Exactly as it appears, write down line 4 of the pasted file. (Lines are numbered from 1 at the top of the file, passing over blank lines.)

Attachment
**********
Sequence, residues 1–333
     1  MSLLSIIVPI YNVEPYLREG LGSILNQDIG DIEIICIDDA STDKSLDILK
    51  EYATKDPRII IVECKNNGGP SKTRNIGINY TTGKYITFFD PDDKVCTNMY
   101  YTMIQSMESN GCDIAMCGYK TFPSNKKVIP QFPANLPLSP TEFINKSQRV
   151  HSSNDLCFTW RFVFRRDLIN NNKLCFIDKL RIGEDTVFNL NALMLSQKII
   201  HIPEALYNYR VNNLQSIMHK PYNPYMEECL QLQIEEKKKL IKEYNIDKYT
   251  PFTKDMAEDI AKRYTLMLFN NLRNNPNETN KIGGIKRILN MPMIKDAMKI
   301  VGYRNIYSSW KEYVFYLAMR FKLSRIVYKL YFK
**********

   101  YTMIQSMESN GCDIAMCGYK TFPSNKKVIP QFPANLPLSP TEFINKSQRV